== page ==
The oldest trick in democracy is deciding that certain people aren't people at all
Imagine a playground. Some bullies walk in, beat-up the other kids and take over. They kick out the kids that were there, stealing their stuff. Any new kids get trapped under the jungle gym, forced to do their bidding, to join the cool kids. Anyone that resists gets a bloody nose for not 'playing by the rules'.
Now wake up. This is where you live. This is what we call modern democracy.
I'll start with the worst democracy in the world, because it's the most obvious. Here's Hagai El-Ad describing Israel:
It is a commonly accepted falsehood that Israel is a “Jewish and democratic” state. In fact, it is neither: It is a binational, inherently undemocratic entity governed through an apartheid regime. The fragmentation of Palestinians may serve to obfuscate the truth, but how can a reality of demographic parity — some 7 million Jews, some 7 million Palestinians — be considered only “Jewish”? And when most of those Palestinians are kept disenfranchised, how can it be considered “democratic”? - Washington Post
To return to our playground metaphor, Zionists first walked in and ethnically cleansed over 700,000 people in 1948. Taking over their farms, their land, their homes. The refugees were herded into open-air prisons, where Israeli's control their movement and kill or imprision them at will. A few live as second-class citizens, the garnish on an apartheid plate. If anyone rebels, everyone gets bombed.
El-Ad rightly asks is this a democracy at all, but the sad answer is historically, yes. Israeli apartheid is more than the settler-colonial template; it goes back to the idea of democracy itself.
In Athens 2,500 years ago the compound word dēmokratiā was recorded, meaning people (dēmos) rule (kratos). They also recorded the oldest trick in the book. Call it a democracy, but violently limit who gets to play.
What Athenians actually practiced was a heriditary monarchy of families. Instead of one ruling family, every citizen could rule, but only a minority were citizens. Women, 'foreigners', and the enslaved were pointedly excluded under law. The latter two were explicitly allowed to be tortured. Only the male sons of male citizens (eventually of two Athenian parents) could be proposed (like for the mob), and then they had to have their birthright credentials checked. If you failed the check, you were probably sold into slavery (re: The Origins Of Citizenship in Ancient Athens).
Hence we get to the real meaning of Greek democracy. Monarchy of the minority. Better than absolute monarchy I guess, but not the holy good we believe in.
Around 2,300 years later, America started an even more restrictive democracy than Athens, with the same bullshit flowery speeches about how free it was. At founding only 10-20% of the population could vote. Native Americans were excluded (the original kids on the playground, having their stuff taken), as were the enslaved, whose children were sold from out their arms. They also had a land-owning requirement, which even Athens didn't have.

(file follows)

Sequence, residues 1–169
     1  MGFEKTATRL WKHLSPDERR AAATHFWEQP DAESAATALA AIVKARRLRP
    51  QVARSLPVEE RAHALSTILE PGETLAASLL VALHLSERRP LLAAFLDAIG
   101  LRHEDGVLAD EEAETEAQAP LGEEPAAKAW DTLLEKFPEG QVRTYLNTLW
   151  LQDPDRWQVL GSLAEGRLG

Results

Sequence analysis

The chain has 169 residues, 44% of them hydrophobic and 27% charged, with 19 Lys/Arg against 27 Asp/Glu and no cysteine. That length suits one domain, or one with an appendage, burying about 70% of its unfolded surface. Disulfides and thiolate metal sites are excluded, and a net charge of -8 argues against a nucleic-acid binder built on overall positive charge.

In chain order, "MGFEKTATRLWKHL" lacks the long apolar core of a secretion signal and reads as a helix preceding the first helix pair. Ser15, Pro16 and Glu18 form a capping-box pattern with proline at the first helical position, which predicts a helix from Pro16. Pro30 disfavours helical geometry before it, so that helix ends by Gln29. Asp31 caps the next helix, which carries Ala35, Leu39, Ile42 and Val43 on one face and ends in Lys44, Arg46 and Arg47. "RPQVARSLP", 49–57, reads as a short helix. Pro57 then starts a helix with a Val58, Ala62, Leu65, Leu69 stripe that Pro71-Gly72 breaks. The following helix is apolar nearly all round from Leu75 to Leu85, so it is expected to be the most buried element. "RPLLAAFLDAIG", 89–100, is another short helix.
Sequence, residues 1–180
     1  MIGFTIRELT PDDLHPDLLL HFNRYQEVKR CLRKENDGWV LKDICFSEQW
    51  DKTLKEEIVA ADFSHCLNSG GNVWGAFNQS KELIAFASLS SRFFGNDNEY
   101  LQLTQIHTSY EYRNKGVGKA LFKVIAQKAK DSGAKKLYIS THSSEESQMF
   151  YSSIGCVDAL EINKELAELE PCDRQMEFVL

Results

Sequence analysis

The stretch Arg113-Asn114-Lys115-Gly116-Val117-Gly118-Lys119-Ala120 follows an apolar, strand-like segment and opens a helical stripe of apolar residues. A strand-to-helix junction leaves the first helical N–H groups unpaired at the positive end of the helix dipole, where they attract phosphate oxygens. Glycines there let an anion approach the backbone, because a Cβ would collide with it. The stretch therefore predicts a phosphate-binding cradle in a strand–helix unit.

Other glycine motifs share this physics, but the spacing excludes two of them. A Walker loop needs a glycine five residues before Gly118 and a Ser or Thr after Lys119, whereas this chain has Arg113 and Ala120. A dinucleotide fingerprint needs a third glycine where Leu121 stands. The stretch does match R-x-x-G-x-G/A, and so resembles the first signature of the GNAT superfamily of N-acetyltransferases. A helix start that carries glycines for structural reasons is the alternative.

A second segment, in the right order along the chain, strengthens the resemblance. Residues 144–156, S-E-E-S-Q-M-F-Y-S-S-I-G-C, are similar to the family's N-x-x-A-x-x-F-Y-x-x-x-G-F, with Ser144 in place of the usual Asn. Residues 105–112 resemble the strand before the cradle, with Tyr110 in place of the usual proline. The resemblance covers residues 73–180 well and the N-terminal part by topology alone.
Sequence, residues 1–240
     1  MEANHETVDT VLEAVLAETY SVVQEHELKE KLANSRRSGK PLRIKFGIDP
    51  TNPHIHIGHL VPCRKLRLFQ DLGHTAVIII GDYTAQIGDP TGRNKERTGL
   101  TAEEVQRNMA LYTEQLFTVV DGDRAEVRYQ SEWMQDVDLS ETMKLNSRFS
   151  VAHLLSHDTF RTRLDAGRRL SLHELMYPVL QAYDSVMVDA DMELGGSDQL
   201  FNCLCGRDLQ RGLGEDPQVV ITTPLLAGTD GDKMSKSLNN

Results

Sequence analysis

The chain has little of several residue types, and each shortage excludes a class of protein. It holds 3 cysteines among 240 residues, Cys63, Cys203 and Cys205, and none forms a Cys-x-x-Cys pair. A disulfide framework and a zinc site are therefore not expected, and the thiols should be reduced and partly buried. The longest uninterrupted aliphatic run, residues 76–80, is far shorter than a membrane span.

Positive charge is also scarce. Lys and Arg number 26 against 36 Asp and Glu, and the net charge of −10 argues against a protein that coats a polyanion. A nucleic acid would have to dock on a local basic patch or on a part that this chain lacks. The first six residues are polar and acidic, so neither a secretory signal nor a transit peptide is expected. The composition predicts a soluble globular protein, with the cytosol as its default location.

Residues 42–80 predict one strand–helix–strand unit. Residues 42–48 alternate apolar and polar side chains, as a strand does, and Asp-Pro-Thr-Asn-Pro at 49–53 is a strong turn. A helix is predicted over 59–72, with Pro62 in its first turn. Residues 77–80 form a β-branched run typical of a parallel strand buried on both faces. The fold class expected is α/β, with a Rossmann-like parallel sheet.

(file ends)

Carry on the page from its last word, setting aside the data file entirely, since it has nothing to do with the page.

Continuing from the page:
Even today, more people are disenfranchised by their brutal prison system than at any time under slavery. They exclude over 10 million brown settlers (called illegal immigrants, doing the same shit their white ancestors did), despite being a literal settler colony. This is not to mention casual and now very public voter suppression. What Republicans are doing today with voting restrictions is simply playing the oldest trick in the book. Enabling citizen tyranny, by violently defining who gets to be citizens at all.
If you look closely at the idea of citizenship, it's tyranny. Dimitry Kochenov has an excellent and readable book on this called Citizenship. Personally, I just call it Citizenshit. Here's a quote from him:
Proclaimed a servant of the great ideals, citizenship is a very effective abstract legal tool to justify essentially random violence, humiliation, and exclusion.
Kochenov says random because you can't choose where you're born, and that determines most of your citizenship options. We have this illusion that you can naturalize, but please be from a colored country and try. Maybe 2% of the world has naturalized. He says violent because this is what borders are, men with cages and guns. Then he says humiliation and exclusion because this is how it feels, and what it does. And yet we are perversely proud of citizenship.